No, we’re not talking about that wooden plaque in your den bearing a rainbow trout. We’re talking about that sticky deposit plaque on your teeth formed from the bacteria in your mouth. One we want, the other we want to remove. But don’t worry, plaque is super common, and you can effectively manage and treat plaque formation depending on the cause.
Medically Reviewed By Colgate Global Scientific Communications
What Causes Plaque on Teeth?
What causes plaque? It’s bacteria. Some bacteria are actually good. And some build up on your teeth’s surfaces to form a plaque biofilm, often at your gumline. While it’s normal and expected, you want to prevent it from mingling with sugar. The bacteria feed on sugars, producing acids, which can create problems for you and your mouth.
Why You Should Care About It
With plaque buildup or excessive plaque, a few concerns may occur. They include:
- Tooth decay: If plaque on your teeth builds up, those acids can wear away on your teeth’s enamel and lead to cavities. If these acids aren’t cleaned off, they can continue to the pulp of the tooth.
- Tooth abscess: Ignoring plaque can eventually lead to an abscess or bacterial infection inside the tooth. Preventing an abscess starts with removing plaque daily.
- Tartar: If you don’t brush or floss regularly, plaque can also harden into tartar, which can stain your teeth yellow or tan. Brushing and flossing alone won’t get rid of tartar, so you’ll need to see your dental professional to remove tartar buildup.
- Gingivitis and periodontitis: Plaque can also cause your gums to inflame, leading to gingivitis or periodontal disease.
How Do You Treat Plaque on Teeth?
You will never stop plaque from forming, but try these few simple ways to remove it so you can avoid complications like tooth decay and tartar.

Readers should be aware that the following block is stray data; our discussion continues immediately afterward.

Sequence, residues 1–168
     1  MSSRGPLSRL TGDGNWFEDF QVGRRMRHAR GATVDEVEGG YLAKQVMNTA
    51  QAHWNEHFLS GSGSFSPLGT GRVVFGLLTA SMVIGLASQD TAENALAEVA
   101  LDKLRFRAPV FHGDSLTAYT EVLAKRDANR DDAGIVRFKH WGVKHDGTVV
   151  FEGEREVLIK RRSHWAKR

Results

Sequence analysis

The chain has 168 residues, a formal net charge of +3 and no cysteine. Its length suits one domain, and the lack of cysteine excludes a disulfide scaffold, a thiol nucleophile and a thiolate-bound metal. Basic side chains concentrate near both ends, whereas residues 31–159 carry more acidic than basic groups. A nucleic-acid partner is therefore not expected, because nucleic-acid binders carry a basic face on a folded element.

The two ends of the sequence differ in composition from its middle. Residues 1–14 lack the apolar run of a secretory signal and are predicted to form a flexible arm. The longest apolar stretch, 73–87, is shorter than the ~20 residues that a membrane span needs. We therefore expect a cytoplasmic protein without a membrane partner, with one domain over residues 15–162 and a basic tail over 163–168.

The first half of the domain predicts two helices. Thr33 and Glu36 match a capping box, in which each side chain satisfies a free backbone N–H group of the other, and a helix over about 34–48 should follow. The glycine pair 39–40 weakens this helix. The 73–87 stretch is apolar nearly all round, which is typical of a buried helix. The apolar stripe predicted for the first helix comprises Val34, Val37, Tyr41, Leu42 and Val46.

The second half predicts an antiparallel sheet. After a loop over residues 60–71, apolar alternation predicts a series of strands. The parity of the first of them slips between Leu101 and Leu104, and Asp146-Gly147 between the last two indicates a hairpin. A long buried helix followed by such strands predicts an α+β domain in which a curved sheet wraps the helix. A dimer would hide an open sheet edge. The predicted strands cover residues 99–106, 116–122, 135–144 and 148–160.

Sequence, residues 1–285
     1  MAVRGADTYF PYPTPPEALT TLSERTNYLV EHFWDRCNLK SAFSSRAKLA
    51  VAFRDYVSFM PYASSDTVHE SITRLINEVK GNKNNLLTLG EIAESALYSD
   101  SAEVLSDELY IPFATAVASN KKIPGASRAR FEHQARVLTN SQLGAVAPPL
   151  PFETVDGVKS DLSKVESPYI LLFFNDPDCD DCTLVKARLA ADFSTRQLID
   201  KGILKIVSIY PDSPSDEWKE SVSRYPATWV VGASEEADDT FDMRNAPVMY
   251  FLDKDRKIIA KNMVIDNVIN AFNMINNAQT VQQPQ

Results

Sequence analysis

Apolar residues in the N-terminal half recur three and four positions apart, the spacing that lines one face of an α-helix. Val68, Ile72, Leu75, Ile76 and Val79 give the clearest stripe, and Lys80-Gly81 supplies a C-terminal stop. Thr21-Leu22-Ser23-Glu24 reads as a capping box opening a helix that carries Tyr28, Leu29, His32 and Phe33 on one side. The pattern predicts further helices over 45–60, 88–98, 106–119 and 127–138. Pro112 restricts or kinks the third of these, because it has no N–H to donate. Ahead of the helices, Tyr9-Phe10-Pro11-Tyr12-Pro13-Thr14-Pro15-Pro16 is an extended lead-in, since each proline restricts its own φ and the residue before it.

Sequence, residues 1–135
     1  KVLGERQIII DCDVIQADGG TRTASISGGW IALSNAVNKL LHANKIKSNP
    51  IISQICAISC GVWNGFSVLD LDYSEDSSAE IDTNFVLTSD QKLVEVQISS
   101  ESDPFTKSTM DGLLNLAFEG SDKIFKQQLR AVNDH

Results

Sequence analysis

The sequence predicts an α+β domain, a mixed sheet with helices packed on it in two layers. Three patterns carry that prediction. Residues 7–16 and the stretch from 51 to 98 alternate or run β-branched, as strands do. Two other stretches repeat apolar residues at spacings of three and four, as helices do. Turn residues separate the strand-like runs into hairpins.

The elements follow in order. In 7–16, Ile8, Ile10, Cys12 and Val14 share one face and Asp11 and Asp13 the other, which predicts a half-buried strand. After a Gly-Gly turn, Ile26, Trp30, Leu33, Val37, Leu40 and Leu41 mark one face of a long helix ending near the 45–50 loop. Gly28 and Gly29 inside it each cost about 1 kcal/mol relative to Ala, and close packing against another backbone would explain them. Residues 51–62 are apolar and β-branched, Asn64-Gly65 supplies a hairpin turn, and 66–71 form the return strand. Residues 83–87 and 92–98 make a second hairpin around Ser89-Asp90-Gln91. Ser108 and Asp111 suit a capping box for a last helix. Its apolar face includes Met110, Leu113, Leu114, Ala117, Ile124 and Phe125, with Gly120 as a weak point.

- Floss daily or use an interdental cleaning device to remove plaque and food particles from between teeth.
- Use fluoride toothpaste to help strengthen the enamel and protect teeth from decay.
- Brush twice a day for two minutes to eliminate most plaque.
- Use an antibacterial mouthwash to help control plaque buildup.
- Avoid sugary foods and drinks to help prevent tooth-decaying acid from forming on teeth.
According to the American Dental Association (ADA), chewing sugar-free gum and rinsing your mouth with water after meals can also help.
How Do You Prevent Plaque In The Future?
Regularly visit your dental professional to help minimize plaque buildup and prevent tartar from forming. A dental hygiene appointment can remove the plaque and tartar from your mouth’s nooks and crannies that you couldn’t reach. Schedule an appointment today if you have concerns about plaque prevention.
Oral Care Center articles are reviewed by an oral health medical professional. This information is for educational purposes only. This content is not intended to be a substitute for professional medical advice, diagnosis or treatment. Always seek the advice of your dentist, physician or other qualified healthcare provider.